A huge carnivorous dinosaur that dwarfed Tyrannosaurus rex has been discovered in Utah.
Siats meeterorum terrorised the T-Rex and kept the species from the top of the food chain for millions of years.
The dinosaur was discovered in Utah's Cedar Mountain Formation and was named after a cannibalistic man-eating monster from Ute tribal legend.
Lindsay Zanno, a palaeontologist from the North Carolina State University, said: "It's been 63 years since a predator of this size has been named from North America. You can't imagine how thrilled we were to see the bones of this behemoth poking out of the hillside."
Siats is one of the three largest ever carnivorous dinosaurs discovered in North America. It lived 98 million years ago alongside the T-Rex, which was much smaller at the time, making it top predator for at least 30 million years.
Published in the journal Nature Communications, researchers say the Siats discovered would have been more than 30ft long and weighed over four tonnes.
However, the bones discovered in Utah were that of a juvenile, leading authors to hypothesis that an adult would have reached around 40ft and weighed over six tonnes.
Zanno discovered Siats with colleague Peter Makovicky in Utah in 2008 and they have spent the last five years analysing the bones. They established it terrorised Utah during the Late Cretaceous period, between 100 million and 66 million years ago.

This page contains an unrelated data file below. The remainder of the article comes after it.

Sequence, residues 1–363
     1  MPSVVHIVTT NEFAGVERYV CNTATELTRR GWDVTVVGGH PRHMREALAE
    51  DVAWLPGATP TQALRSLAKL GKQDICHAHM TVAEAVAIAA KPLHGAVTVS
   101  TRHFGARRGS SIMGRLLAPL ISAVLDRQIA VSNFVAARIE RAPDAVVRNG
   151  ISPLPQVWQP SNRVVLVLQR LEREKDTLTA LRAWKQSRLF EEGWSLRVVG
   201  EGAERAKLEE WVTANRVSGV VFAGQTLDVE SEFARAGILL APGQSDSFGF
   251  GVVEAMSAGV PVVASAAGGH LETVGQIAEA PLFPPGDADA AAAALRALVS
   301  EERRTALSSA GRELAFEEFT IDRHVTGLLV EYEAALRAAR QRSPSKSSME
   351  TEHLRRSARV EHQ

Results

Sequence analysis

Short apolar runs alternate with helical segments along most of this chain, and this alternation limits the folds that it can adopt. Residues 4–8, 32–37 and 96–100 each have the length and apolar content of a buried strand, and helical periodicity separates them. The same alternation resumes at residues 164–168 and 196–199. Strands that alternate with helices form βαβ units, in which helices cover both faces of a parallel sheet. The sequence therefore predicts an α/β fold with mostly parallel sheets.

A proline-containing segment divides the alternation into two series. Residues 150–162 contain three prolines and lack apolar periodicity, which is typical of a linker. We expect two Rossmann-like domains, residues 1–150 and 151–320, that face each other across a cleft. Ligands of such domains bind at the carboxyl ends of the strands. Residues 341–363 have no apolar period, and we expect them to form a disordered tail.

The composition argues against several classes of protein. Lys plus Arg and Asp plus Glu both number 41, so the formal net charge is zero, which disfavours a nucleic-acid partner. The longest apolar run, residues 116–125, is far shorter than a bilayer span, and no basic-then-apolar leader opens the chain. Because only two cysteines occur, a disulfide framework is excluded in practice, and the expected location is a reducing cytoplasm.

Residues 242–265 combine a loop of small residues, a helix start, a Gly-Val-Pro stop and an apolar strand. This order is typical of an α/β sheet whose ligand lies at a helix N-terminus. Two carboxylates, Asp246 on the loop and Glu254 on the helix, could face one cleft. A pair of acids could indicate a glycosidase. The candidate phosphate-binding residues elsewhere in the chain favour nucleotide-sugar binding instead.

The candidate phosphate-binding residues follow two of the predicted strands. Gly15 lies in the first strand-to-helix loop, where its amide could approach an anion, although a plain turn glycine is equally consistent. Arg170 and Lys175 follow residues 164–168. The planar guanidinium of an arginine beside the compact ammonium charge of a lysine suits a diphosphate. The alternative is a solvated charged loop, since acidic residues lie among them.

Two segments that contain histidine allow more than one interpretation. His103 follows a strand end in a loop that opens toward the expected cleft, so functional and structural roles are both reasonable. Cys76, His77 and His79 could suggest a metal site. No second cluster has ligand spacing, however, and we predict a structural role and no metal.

"Carcharodontosaurs reigned for much longer in North America than we expected," says Zanno, adding that Siats fills a 30 million year gap where the top predator was not known.
Makovicky said: "The huge size difference certainly suggests that tyrannosaurs were held in check by carcharodontosaurs, and only evolved into enormous apex predators after the carcharodontosaurs disappeared."
Zanno added: "Contemporary tyrannosaurs would have been no more than a nuisance to Siats, like jackals at a lion kill. It wasn't until carcharodontosaurs bowed out that the stage could be set for the evolution of T-Rex."
The researchers said they believe far more dinosaur bones are yet to be discovered in Utah - an area of isolation during the Cretaceous period.
"Siats is just the tip of the iceberg; our teams are unearthing a lost dinosaurian ecosystem right here in the badlands of western North America," Zanno said.